Monday, May 21, 2012

You Could Have Given Up, But You Didn't

I'll admit it- I'm awful at training. My busy schedule and injury prone life-style makes training difficult. So, it wasn't a surprise when I wasn't feeling confident and prepared for my fourth half marathon on Saturday.

But, my running partner assured me everything would be fine. She would be by my side during the race. She might run ahead of me toward the end of the race, but she too was feeling nervous about the hilly course and humid weather.

Thumbs up for rest and recovery.
My bib number.

I spent most of Friday night icing my foot, laying on the couch and tweeting. The amount of love from my Twitter family and fellow runners blew me away. I went to bed smiling - re-reading all of the kind words from the beautiful #PerfectStrangers, fellow runners (Paul), my amazing coworkers Chad and JD, and lovely friends Britt, Ann and Heather. It doesn't matter if it's your first or 30th race, reading good luck messages and inspiration never gets old! 

The Big Day

I woke up late on Saturday morning. I felt frantic as I rushed to get ready, eat breakfast and stretch.

Check out Bandit photo bombing the picture in the corner.
At least he is cheering us on!

 When we got to the parking area, we rode a school bus over to a drop off area near the start line. That's when I met Mike. He was an ADORABLE older man - probably late 60s or early 70s.

He proudly told everyone he had completed the Indy Mini Marathon just two weeks before. He said his daughter emailed me him article saying if you run  two half marathons in two weeks or less, then you could become part of a group called "Half-Fantatics" - Yup, I adored everything about him and wasted no time getting to know more about him.

"So, are you meeting anyone here?" I asked him,

"Yeah, the finish line!" he said back.

"I like your attitude," I said.

We chatted about his goals and expectations for the race and then we parted ways. I was hoping I would meet him with later or see him during the race, but our paths never crossed again.  My only hope is that he is proudly a member of his new group.

The Start

Before the race started, I ran into my first half marathon running buddy.

Britt looking amazing before her third half marathon.
Spoiler alert: She got a PR by nearly 40 minutes.

And we're off!
Our game plan was to do intervals of walking / running throughout the entire race. So when I was running, I took it one step at a time. One minute at a time.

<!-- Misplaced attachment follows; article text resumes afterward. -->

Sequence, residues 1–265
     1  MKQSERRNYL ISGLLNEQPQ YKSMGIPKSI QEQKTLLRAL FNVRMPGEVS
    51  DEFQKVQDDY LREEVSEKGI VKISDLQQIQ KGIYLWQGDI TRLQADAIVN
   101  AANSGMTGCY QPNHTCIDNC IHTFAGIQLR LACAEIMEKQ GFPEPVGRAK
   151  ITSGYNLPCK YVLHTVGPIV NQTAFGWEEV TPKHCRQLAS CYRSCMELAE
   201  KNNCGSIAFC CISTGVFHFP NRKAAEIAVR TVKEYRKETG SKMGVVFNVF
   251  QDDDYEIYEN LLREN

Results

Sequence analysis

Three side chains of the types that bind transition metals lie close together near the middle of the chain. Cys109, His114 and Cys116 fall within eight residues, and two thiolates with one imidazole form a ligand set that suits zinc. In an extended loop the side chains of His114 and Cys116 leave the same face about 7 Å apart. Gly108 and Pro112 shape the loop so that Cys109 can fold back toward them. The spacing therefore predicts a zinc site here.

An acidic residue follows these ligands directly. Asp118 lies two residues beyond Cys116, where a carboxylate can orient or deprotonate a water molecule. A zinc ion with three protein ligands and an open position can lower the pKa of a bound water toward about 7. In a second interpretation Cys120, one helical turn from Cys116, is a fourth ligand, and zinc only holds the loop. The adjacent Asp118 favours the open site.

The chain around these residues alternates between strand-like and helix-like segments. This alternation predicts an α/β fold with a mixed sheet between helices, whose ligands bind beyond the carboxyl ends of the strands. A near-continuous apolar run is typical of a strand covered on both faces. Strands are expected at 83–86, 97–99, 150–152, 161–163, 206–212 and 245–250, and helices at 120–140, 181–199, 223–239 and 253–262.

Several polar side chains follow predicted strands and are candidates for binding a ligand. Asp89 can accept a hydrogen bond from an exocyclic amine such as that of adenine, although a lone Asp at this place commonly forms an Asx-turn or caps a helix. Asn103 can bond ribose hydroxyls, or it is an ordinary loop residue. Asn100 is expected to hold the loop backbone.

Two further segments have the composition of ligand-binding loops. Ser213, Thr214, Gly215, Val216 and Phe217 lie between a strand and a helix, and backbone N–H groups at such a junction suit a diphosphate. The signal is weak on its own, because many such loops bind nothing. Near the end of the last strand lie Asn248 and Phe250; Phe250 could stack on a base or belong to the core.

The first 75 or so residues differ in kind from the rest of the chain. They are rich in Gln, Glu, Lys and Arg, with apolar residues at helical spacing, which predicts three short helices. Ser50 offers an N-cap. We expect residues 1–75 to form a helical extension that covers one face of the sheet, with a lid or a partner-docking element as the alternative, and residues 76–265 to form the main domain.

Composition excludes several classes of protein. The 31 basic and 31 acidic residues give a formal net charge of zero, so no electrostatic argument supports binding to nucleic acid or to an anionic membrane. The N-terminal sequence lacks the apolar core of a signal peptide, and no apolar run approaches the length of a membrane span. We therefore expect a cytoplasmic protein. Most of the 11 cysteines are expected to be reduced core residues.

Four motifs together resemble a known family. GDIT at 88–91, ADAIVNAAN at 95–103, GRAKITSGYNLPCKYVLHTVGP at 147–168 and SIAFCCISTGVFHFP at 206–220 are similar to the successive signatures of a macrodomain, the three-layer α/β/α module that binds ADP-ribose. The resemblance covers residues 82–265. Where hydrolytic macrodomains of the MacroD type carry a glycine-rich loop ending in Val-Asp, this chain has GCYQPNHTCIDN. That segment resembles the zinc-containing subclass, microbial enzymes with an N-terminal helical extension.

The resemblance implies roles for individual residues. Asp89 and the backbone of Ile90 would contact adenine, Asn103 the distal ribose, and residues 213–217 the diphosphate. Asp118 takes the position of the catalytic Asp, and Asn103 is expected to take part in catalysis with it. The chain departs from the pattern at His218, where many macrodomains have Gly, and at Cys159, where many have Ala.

The race started and I was feeling great. It was really humid and hot, but I decided not to focus on the weather.

Sabrina was running at a quicker pace than me right from the beginning.

She yelled back to me, "Come on, Ash!"

But she was running too quickly for me. And I knew I'd burn out early on if I tried to run too fast.

"That's not my pace, Bean!" I yelled up to her.

I was feeling good and confident with my pace. My foot started hurting early on, but it would eventually become numb. And it did.

Sabrina stayed ahead of me for about 10 more minutes and before I knew it, she was gone. With one walking interval, she was out of sight.

Barely a mile into the race, and I was faced with an uneasy realization:

I'm running this race alone.

The Fall

After realizing I'd be alone for 12 more miles, I started repeating all of the positive and inspirational tweets and messages from the night before.

"Be amazing."-  Meggie

"Rock those 13.1 miles!" - Amy

"Go on for it." - Christi

"Just wanted to tell you how incredibly proud I am of you! Your accomplishment list for 2012 is just ridiculous, and the year isn't even half over. No matter what your time is tomorrow it's going to be a kick ass job. Have fun, run smart/safe, & show your 4th mini who is boss! :)" - Heather

"Your mind is strong, your body is strong. You are an athlete and you will perform like one tomorrow." - Chad

I fought my way up the first two hills. I decided to only walk up hills that resembled roller coasters.

And I'm glad I made that decision. It felt amazing to battle up those hills without giving up. I felt like a super hero.

After reaching the top of the second hill, we crossed a bridge. The view was beautiful!

Even though I was running, I reached for my pocket to grab my phone and take a picture. A few moments later, my keys fell out of my pocket. Can't leave those behind!

As I turned around to see where they landed, I rolled my ankle (on my bad foot- of course) and my body came crashing down to the ground. Conveniently, I was close to the guard rail so I hit my head on that (not too hard -I didn't black out or anything mom, don't worry!). My ankle hurt, my butt hurt and more importantly - my pride hurt.

The picture I snapped right before my fall.
Guard rails and me don't mix very well together.
Within seconds, a fellow runner was there to help me up.

"Are you okay?" he quickly asked me.

I was laughing off my embarrassment and said, "Oh yes, thank you for stopping!"

I picked myself up and heard Justin inside my head, "That's what you get for trying to tweet and run."